Nashville has a longstanding reputation as a city where bridesmaids let loose, so targeting them as a group seemed like a perfect fit. And a perfect fit it was — Aguirre says she netted a 43 percent jump in profits from her first year hosting to her second year. More recently, her Scottsdale location saw occupancy increase from 40 percent to 70 percent in 2023.

Credit: Courtesy of Angie Lyle

Host Angie Lyle followed a similar line of thinking with her group of “NashVillas” in 2022. One of them, dubbed the Nachelorette Pad, goes big on the country theme with a Dolly Parton wall mural, Dolly wallpaper, a cowboy boot mural, an arrangement of pink cowboy hats, and a flower wall. Upon entering, guests are greeted by a “Nash Bach” Champagne wall, inviting them to grab a flute. 

Renovating a property to feel flirty and feminine was a fun new challenge for Lyle. “My husband thought I was so crazy when I told him we were doing a flower wall,” she says.

Credit: Courtesy of Angie Lyle

Unlike Aguirre, Lyle started her mini bachelorette house empire in Scottsdale first in 2020, then expanded to Nashville. Owning multiple “bach houses” is a far cry from how Lyle thought things would go. “We didn’t have very high expectations [in the beginning],” she says. “We were hoping, you know, that we could book a couple of weekends per month. We didn’t think we would have the occupancy rate that we do have.” Carving out a bachelorette niche has proved to be a booming business.

Pinpointing a Rental Market Niche 

Almost half of all bridesmaids are willing to spend $1,000 or more on a bachelorette party, according to wedding site The Knot. (That’s independent from any costs related to the wedding day itself.) Many women attend several of these parties in their lifetimes, only adding to a bridesmaid’s spending power.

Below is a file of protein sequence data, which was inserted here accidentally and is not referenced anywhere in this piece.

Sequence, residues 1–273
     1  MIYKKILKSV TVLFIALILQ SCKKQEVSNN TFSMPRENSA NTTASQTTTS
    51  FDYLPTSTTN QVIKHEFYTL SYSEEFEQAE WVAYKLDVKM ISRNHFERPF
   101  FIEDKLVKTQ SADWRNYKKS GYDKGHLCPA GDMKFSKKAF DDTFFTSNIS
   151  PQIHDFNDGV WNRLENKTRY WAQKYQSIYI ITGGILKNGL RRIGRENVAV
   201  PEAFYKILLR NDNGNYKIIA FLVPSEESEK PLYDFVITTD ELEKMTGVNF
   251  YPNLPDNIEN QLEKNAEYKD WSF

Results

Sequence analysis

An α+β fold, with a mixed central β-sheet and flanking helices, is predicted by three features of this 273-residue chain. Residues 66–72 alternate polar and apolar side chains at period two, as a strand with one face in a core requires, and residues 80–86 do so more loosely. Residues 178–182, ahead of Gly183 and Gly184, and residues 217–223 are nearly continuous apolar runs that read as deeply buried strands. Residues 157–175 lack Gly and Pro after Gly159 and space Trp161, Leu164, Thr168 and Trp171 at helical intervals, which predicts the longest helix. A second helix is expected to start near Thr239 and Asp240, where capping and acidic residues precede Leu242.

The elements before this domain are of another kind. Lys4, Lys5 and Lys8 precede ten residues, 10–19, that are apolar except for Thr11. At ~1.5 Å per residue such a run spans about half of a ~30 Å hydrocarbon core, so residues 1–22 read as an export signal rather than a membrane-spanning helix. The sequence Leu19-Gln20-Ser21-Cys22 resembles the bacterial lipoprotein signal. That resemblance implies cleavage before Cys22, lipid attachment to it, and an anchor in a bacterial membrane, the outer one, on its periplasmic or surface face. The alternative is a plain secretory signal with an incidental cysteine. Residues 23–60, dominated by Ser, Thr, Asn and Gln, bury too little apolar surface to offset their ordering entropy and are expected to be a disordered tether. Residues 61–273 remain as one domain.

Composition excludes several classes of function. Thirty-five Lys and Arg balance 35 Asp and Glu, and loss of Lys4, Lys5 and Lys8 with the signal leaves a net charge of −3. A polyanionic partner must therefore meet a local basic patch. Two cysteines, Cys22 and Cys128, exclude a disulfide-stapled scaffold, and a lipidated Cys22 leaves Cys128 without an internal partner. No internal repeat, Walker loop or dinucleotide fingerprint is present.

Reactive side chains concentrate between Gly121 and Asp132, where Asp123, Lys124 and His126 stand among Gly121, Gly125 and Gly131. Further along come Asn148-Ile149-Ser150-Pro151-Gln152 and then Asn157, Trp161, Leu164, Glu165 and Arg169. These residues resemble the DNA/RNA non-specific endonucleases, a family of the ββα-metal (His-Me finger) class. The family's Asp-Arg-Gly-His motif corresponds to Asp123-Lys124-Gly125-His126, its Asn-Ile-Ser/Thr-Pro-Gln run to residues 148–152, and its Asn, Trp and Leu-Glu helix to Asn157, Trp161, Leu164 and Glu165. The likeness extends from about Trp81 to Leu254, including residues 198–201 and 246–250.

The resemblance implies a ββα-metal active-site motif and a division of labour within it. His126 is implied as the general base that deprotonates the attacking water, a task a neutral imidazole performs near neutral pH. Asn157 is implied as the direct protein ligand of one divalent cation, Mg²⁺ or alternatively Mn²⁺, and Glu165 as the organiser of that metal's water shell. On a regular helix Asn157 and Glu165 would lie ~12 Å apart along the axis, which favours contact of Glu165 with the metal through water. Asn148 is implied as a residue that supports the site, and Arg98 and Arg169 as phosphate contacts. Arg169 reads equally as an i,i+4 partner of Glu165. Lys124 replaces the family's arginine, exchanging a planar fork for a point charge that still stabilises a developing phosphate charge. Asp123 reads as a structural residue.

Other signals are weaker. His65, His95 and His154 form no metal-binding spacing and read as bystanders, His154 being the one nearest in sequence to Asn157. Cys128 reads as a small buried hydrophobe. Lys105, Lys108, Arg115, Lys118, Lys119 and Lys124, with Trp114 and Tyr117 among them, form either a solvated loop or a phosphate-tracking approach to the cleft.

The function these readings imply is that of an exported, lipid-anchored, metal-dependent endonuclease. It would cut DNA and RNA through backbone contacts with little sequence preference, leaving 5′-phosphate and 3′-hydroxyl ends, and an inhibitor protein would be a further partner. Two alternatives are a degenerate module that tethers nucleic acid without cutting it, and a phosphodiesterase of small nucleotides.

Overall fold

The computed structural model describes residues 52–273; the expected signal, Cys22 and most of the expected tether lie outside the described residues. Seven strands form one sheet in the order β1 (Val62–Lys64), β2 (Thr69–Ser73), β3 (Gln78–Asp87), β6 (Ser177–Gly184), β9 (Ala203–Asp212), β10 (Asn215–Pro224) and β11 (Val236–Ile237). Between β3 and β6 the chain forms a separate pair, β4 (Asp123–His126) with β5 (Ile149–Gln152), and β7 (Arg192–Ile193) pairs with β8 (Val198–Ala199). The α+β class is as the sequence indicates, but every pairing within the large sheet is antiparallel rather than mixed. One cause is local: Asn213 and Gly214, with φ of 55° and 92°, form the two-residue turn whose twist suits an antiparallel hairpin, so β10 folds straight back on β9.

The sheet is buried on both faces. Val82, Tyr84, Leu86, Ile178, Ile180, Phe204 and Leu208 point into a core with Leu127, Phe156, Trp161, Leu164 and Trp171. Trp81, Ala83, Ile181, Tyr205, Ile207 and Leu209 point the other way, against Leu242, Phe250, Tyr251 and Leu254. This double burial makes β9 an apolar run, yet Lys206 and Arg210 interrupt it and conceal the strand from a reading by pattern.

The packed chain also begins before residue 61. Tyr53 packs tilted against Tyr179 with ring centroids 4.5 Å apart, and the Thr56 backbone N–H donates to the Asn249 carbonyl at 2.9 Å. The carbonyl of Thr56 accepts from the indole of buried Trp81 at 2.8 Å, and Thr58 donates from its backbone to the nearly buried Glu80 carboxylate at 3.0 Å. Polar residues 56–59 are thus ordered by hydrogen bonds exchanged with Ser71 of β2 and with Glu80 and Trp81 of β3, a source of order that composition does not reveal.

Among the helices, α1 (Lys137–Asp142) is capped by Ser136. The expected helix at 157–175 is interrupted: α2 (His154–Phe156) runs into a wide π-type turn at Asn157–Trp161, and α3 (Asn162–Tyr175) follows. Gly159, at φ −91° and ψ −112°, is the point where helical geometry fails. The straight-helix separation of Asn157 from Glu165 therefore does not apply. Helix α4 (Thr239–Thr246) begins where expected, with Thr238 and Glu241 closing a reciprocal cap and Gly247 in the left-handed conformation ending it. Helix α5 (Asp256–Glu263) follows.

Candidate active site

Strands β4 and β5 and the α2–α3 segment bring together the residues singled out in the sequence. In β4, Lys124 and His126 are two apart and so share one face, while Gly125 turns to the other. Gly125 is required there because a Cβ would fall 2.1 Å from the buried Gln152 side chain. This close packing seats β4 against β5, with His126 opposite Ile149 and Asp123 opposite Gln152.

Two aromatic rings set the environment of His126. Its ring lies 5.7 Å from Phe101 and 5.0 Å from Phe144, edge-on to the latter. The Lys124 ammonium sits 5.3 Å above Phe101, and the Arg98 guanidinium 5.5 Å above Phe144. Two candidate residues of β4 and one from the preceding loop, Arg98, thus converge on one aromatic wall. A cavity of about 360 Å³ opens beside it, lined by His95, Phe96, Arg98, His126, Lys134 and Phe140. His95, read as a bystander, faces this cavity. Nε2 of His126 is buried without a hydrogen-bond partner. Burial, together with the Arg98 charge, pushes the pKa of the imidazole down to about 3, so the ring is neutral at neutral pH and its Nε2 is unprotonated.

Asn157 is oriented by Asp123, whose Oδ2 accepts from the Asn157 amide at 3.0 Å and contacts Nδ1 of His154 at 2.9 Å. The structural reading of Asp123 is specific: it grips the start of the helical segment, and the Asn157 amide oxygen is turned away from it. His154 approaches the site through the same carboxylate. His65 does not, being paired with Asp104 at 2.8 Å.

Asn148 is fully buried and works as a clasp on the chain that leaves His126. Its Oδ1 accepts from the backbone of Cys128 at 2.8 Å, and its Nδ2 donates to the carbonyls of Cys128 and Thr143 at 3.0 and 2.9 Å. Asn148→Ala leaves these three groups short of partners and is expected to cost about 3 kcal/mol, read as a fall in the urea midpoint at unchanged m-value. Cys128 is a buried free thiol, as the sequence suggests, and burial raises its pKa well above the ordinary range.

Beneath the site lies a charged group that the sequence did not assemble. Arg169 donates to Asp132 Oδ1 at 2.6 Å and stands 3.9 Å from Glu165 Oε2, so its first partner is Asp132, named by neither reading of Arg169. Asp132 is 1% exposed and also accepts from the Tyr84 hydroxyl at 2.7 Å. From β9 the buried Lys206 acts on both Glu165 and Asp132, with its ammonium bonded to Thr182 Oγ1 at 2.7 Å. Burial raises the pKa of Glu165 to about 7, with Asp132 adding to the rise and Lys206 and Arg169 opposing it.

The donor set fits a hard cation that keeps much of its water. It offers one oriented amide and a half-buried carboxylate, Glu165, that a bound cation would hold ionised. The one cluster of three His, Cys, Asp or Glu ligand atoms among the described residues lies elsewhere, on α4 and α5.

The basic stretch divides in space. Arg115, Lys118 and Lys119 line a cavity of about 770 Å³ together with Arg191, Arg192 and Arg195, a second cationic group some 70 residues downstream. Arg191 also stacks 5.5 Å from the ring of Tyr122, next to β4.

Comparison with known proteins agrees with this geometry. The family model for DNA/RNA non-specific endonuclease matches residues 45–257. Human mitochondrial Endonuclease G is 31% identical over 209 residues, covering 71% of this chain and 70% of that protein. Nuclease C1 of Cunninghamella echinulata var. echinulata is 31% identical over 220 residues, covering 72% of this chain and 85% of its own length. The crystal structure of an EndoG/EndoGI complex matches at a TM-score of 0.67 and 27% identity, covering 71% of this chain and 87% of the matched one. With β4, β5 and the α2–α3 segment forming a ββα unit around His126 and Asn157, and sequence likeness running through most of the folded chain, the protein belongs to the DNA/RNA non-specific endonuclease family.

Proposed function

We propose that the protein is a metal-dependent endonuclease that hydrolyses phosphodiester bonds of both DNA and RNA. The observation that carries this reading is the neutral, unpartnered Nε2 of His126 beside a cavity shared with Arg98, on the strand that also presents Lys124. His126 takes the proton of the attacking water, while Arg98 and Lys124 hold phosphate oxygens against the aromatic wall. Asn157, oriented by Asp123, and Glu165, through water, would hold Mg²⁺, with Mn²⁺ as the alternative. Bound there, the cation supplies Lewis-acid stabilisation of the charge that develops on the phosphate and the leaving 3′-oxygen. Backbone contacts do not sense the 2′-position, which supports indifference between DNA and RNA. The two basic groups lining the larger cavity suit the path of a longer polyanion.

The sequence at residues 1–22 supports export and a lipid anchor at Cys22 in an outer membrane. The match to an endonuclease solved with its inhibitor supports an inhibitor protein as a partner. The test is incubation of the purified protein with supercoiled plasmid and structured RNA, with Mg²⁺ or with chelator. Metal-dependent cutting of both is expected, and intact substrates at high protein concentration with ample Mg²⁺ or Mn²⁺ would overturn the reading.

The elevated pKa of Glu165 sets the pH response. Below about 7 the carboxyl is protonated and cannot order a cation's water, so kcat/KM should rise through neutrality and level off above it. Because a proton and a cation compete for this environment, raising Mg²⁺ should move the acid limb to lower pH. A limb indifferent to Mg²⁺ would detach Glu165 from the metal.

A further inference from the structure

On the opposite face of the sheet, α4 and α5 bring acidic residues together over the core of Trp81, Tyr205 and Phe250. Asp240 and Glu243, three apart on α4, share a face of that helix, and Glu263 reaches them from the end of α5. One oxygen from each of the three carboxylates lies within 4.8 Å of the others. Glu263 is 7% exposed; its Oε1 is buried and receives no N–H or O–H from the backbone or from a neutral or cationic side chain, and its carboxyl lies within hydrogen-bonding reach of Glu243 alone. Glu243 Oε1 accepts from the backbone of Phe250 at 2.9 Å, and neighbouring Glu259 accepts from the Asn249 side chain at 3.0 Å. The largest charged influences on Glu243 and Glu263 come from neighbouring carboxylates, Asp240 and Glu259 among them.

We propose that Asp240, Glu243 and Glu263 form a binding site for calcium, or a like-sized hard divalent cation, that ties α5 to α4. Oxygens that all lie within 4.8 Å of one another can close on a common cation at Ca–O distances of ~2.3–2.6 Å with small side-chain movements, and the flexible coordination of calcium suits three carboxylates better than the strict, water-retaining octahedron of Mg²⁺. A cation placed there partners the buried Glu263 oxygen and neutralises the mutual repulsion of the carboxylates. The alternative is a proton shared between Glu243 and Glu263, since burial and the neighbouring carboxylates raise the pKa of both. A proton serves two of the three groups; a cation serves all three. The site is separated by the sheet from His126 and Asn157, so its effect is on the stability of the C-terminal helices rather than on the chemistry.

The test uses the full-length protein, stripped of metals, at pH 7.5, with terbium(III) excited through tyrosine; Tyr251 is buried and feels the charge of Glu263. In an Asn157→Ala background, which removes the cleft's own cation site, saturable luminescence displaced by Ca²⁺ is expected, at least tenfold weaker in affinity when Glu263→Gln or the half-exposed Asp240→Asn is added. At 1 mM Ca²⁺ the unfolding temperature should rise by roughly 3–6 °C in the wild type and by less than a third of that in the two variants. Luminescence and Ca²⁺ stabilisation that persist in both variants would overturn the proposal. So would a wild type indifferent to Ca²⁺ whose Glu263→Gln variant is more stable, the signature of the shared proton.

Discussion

Airbnb hosts like Aguirre and Lyle recognize that. Providing a clear market need for these parties combines two industries — the short-term rental market and the ever-booming wedding industry — for the perfect storm of profits.

Weddings expert Anja Winikka explains bachelorette party trends have shifted over the past 10 to 20 years. Previously, the expectation was a night out on the town. These days, taking a group trip is practically expected.

“You would have thought of a destination bachelorette party as being a bit extra a decade or so ago,” she says. “Today it’s become the complete norm.”

Part of the reason for that, she explains, is young people moving away from their hometowns in larger numbers. One person’s friends end up scattering to different parts of the country, so meeting in a central location makes more sense.

Credit: Scottsdale Bride Tribe

Winikka explains modern weddings have become hyper-personalized, rejecting anything that feels cookie-cutter. Each part of the celebration strives to feel personal to the couple, so in turn, bachelorette parties are also becoming extraordinarily custom. Booking a house that checks all the boxes for planning a personalized party is a no-brainer. “It’s really attractive and makes a ton of sense, given the mission in mind,” Winikka says.